David, an independent photographer, and Katia, an unemployed woman, leave Los Angeles, en route to the southern California desert, where they search a natural set to use as a backdrop for a... See full summary »
A car, following the Tour de France. Children screaming in front of the puppet show. Women, often prostitutes, trying to scream as they are being strangled. Then he will meet Claire, the ... See full summary »
Winter, 1915. Confined by her family to an asylum in the South of France - where she will never sculpt again - the chronicle of Camille Claudel's reclusive life, as she waits for a visit from her brother, Paul Claudel.
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A 8-year-old boy is travelling with his mother towards his grandfather, but their journey is stopped when the young woman dies of typhus in an unknown town, just as poor and in ruins as any... See full summary »
David, an independent photographer, and Katia, an unemployed woman, leave Los Angeles, en route to the southern California desert, where they search a natural set to use as a backdrop for a magazine photo shoot. They find a motel in the town of Twentynine Palms and spend their days in their sport-utility vehicle, discovering the Joshua Tree Desert, and losing themselves on nameless roads and trails. Frantically making love all the time and almost everywhere, they regularly fight, then kiss and make up, with little else going on in their empty relationship and quite ordinary daily life--until something horrible and hideous brutally puts an end to their trip. Written by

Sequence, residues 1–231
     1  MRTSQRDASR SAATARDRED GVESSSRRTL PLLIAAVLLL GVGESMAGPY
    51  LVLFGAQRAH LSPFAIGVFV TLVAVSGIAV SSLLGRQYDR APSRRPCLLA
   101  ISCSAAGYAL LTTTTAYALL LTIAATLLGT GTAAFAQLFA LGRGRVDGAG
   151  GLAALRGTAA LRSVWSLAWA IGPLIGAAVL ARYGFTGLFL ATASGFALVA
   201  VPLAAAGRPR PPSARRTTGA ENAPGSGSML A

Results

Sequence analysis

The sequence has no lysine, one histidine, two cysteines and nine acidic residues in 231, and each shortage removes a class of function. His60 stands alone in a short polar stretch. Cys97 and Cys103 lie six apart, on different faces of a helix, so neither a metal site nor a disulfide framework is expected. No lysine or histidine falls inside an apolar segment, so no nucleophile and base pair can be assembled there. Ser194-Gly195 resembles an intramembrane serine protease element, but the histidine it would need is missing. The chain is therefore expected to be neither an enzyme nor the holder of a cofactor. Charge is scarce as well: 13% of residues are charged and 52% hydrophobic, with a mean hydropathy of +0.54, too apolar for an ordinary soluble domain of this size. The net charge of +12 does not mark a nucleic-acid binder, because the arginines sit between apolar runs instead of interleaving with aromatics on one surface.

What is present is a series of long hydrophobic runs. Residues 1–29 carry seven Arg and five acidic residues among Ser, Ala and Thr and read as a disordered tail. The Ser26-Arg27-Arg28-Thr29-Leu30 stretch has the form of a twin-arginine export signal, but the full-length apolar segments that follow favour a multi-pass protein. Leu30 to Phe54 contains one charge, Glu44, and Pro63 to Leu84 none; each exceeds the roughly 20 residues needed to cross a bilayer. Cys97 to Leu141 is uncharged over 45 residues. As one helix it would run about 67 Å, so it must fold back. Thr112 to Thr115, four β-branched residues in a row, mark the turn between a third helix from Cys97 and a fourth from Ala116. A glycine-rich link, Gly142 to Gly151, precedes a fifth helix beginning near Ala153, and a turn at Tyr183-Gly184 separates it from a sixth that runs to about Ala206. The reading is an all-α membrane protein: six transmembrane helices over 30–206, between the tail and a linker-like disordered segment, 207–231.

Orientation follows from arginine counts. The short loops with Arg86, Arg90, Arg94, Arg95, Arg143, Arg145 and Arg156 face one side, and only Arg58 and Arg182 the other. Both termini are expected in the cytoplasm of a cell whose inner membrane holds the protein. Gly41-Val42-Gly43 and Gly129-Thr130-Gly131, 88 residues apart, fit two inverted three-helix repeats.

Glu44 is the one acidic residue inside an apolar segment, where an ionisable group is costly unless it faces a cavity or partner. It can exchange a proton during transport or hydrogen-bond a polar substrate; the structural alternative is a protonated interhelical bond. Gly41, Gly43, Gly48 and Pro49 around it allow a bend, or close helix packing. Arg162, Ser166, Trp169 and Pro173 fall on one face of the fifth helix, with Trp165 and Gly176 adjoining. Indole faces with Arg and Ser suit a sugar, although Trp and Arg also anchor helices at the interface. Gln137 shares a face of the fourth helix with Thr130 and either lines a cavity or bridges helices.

I thought this film was excellent! (maybe not as good as La vie de Jesus or L'Humanite=same director) But you have to look at it differently than when you watch an entertaining Hollywood-film. This film is not entertaining at all, but that doesn't mean it's bad. The film doesn't really tell a story. It does something else: it "captures" an atmosphere, a strange kind of tension, a weird feeling, it captures the flux of life without dramatization... something which, for me at least, is much more interesting than just telling a story. There are other great directors doing it (in different ways of course): Hungarion Directot Béla Tarr, Austrian Director Michael Haneke, Gus van Sant (in his best films), or look at the films of Japanese director Ozu: his films have a lot in common with bruno dumont's in the sense that they don't rely on the script when making a film. they rely on the film when making the film!... The film is what touches me, not the story. A masterpiece!
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